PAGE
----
Actress Jennifer Bartels, the Millbrook High grad perhaps best known for comedic parts, is moving back to her acting roots with her role in the new Paramount Network series “American Woman,” debuting Thursday, June 7, at 10 p.m.
The half-hour dramedy, which also stars Alicia Silverstone and Mena Suvari, follows three friends in 1970s Beverly Hills as they navigate broken marriages, shaky romances and career struggles. It's a mostly serious show, but with enough light moments to keep it out of downer territory.
Bartels, whose most recent major TV credits include the ABC sitcom "Broken" and the truTV sketch comedy show "Friends of the People," is happy to get back to drama, which she considers a major part of her background. The East Carolina graduate studied the Meisner acting technique and left ECU with a BFA in Theater Arts.
“What’s wonderful about that specific type of acting technique is that it really parlays well into comedy and into drama,” Bartels said, calling from Los Angeles.
Bartels moved to New York after graduating from ECU and joined the Upright Citizens Brigade, an improv and sketch comedy group that originally formed in Chicago.
“I was able to use my tools as a theatrical actor, but the tools were being applied to my ‘funny,’” she said. “I guess sometimes people think, ‘Oh, and then she tried drama.’ No, I’ve done theater and I’ve done a lot of drama and more serious roles throughout my life, but the ones that seem to have a little more commercial support behind them were my comedic efforts. So this is nice to sort of go back to my roots.”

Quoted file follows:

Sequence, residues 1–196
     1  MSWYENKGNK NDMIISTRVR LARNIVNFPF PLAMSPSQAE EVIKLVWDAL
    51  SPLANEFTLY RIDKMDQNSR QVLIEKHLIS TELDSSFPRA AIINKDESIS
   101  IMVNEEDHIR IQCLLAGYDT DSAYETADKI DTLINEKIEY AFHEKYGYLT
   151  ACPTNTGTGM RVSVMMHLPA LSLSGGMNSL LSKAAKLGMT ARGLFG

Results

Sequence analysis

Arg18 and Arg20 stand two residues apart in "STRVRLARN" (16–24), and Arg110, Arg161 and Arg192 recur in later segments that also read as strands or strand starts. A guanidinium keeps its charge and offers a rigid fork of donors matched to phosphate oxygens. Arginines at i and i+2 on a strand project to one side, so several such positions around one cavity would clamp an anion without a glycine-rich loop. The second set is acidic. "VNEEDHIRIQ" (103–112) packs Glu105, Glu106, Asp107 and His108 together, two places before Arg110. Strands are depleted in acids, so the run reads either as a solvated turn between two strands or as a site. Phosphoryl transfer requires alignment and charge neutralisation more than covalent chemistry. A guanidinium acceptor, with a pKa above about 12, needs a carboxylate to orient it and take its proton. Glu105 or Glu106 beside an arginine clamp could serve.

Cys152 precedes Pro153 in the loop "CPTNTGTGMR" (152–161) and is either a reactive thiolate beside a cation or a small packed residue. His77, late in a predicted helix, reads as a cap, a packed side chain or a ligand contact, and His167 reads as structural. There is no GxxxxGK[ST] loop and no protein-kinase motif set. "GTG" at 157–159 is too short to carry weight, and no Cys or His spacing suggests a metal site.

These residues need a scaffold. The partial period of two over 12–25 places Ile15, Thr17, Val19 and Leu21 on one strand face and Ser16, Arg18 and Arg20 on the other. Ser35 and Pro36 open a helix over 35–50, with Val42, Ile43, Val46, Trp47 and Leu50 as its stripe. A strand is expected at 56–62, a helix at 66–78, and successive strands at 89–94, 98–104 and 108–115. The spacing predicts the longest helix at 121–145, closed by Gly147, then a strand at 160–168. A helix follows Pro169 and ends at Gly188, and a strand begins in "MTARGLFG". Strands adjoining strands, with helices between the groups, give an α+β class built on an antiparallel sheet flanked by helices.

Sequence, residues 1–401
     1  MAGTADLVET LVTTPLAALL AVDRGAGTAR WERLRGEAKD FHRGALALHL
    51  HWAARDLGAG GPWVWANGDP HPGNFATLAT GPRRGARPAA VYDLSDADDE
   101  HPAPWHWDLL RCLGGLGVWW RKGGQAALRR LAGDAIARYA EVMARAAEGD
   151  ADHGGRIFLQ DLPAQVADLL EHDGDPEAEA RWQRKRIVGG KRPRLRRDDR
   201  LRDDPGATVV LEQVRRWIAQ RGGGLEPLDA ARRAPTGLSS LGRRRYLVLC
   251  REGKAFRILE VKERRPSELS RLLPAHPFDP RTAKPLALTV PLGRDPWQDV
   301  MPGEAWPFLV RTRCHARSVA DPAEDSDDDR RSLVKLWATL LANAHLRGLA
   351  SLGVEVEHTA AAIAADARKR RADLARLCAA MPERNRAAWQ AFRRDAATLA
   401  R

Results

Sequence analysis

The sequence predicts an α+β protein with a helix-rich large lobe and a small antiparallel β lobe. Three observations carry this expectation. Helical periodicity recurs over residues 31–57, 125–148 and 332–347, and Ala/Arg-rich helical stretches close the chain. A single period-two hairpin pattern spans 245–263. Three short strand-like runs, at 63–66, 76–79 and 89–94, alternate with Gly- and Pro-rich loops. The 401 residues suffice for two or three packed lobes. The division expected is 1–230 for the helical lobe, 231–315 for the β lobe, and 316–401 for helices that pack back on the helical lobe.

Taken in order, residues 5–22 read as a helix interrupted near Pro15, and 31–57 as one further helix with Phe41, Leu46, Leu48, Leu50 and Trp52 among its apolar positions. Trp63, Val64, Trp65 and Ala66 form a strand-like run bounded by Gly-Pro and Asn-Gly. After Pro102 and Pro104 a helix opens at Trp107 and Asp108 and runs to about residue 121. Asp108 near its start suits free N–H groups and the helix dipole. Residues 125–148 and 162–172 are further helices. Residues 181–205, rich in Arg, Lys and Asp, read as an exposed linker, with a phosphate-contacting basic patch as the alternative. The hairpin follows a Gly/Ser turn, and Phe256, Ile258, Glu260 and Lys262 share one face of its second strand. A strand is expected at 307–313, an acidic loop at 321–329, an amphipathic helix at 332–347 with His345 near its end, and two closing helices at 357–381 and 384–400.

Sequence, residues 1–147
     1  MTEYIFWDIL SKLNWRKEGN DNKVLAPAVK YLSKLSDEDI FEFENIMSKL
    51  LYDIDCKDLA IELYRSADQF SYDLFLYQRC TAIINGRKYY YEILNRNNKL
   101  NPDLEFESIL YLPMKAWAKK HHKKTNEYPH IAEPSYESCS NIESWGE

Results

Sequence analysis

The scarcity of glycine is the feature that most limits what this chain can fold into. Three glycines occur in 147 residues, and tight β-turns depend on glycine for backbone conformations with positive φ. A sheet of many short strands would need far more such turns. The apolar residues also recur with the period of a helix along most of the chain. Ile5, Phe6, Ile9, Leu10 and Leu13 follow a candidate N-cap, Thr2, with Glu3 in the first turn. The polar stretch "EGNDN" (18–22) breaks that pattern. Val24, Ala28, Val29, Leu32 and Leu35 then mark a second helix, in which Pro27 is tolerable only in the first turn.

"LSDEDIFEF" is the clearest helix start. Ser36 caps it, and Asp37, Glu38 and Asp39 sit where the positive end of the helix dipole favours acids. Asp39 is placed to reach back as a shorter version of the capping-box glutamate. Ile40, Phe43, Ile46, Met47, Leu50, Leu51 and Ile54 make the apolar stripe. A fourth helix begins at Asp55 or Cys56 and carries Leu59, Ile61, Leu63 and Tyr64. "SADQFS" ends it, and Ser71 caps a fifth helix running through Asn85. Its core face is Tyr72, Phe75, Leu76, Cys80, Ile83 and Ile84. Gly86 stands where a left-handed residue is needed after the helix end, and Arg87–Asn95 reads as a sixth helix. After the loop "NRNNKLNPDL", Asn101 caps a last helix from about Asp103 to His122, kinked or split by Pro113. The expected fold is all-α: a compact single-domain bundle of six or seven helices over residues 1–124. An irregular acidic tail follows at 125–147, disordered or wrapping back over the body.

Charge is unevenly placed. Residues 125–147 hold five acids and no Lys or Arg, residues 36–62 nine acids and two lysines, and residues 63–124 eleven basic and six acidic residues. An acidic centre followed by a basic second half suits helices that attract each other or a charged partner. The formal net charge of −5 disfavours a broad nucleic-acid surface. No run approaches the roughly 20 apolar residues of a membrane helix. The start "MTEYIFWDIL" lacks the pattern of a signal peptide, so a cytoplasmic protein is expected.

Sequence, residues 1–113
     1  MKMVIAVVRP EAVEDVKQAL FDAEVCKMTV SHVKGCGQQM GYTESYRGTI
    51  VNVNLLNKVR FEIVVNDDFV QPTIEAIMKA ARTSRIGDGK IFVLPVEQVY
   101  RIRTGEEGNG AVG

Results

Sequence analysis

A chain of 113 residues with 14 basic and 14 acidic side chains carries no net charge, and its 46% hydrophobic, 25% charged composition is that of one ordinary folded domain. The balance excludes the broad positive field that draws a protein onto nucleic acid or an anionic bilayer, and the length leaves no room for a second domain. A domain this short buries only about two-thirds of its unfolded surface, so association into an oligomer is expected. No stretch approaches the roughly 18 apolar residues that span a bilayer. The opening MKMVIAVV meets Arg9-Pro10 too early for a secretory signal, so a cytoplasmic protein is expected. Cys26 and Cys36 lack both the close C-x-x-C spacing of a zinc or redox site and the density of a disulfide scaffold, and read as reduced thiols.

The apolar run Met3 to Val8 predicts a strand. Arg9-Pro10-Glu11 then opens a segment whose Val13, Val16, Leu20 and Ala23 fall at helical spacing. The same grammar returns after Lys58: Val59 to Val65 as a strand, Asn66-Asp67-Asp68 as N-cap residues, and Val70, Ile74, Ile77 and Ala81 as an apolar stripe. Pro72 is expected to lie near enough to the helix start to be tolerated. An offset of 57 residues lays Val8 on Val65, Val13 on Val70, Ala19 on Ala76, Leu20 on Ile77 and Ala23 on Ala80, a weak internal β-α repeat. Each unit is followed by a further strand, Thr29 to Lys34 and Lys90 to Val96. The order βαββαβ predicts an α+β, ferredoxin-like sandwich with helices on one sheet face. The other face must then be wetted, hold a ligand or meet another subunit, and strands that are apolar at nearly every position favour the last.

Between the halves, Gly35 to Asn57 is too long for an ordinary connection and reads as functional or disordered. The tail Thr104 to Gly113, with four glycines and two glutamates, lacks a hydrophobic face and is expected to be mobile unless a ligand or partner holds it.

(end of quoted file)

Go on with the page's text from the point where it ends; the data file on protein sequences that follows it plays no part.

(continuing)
The "American Woman" part became the best of both worlds for Bartels. Her character, Diana, starts out fairly staid, but by the end of the season she has loosened up quite a bit. Bartels attributes part of that progression to the writers getting to know her and learning more about her skills.
“In time they started to use my comedic capabilities and use the fact that as an actor, I’m really not afraid to do much of anything,” she said. “You see a progression in all the characters, but with Diana especially, you see the progression. In the pilot I’m a very buttoned-up, kind of 'independent but struggling to find her voice as a working woman,’ and then by the end of the series you’re like ‘Wow!’ — it was even surprising for me as an actor to read through it. I was like ‘OK. Alright. Here we go.’ ”
Issues that transcend time
In “American Woman,” Bartels plays a close friend of Silverstone’s character, Bonnie, a well-kept housewife and mother who finds herself separated — and broke — when her cheating husband is busted for fraud. Bartels’ Diana, and Suvari’s character, Kathleen, lend support to Bonnie, but each have strong storylines of their own. Diana is an independent career woman struggling to move up in the Old Boys Club environment. Kathleen is a wealthy businesswoman backing the career of her boyfriend, a closeted gay casting agent.
Bartels describes "American Woman" as being “about the essence of female friendship.” It's based on the true story of the childhood of former child actress Kyle Richards, whose mother raised her and her sister Kim (also a child actress) after their parents divorced. (Paramount, incidentally, has upped its programming game since rebranding from Spike earlier this year. Later this month they'll debut their original series "Yellowstone," starring Kevin Costner as Montana cattle rancher John Dutton.)